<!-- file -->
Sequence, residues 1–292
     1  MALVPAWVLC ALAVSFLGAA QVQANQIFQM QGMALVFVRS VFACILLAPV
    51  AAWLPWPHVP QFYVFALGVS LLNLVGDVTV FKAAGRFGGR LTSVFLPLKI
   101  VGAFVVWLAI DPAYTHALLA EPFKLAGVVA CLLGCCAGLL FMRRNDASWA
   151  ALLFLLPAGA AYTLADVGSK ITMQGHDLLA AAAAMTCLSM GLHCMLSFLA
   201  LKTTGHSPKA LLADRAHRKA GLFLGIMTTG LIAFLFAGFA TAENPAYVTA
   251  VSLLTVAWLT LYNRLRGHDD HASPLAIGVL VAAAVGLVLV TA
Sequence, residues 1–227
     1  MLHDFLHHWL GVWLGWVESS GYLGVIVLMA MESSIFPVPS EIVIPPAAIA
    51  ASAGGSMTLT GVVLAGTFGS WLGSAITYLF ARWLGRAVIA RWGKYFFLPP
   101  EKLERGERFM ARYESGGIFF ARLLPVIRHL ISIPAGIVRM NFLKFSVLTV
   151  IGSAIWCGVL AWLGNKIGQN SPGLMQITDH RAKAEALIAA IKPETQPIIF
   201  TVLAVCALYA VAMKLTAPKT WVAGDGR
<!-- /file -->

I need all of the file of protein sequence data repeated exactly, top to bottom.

Sequence, residues 1–292
     1  MALVPAWVLC ALAVSFLGAA QVQANQIFQM QGMALVFVRS VFACILLAPV
    51  AAWLPWPHVP QFYVFALGVS LLNLVGDVTV FKAAGRFGGR LTSVFLPLKI
   101  VGAFVVWLAI DPAYTHALLA EPFKLAGVVA CLLGCCAGLL FMRRNDASWA
   151  ALLFLLPAGA AYTLADVGSK ITMQGHDLLA AAAAMTCLSM GLHCMLSFLA
   201  LKTTGHSPKA LLADRAHRKA GLFLGIMTTG LIAFLFAGFA TAENPAYVTA
   251  VSLLTVAWLT LYNRLRGHDD HASPLAIGVL VAAAVGLVLV TA
Sequence, residues 1–227
     1  MLHDFLHHWL GVWLGWVESS GYLGVIVLMA MESSIFPVPS EIVIPPAAIA
    51  ASAGGSMTLT GVVLAGTFGS WLGSAITYLF ARWLGRAVIA RWGKYFFLPP
   101  EKLERGERFM ARYESGGIFF ARLLPVIRHL ISIPAGIVRM NFLKFSVLTV
   151  IGSAIWCGVL AWLGNKIGQN SPGLMQITDH RAKAEALIAA IKPETQPIIF
   201  TVLAVCALYA VAMKLTAPKT WVAGDGR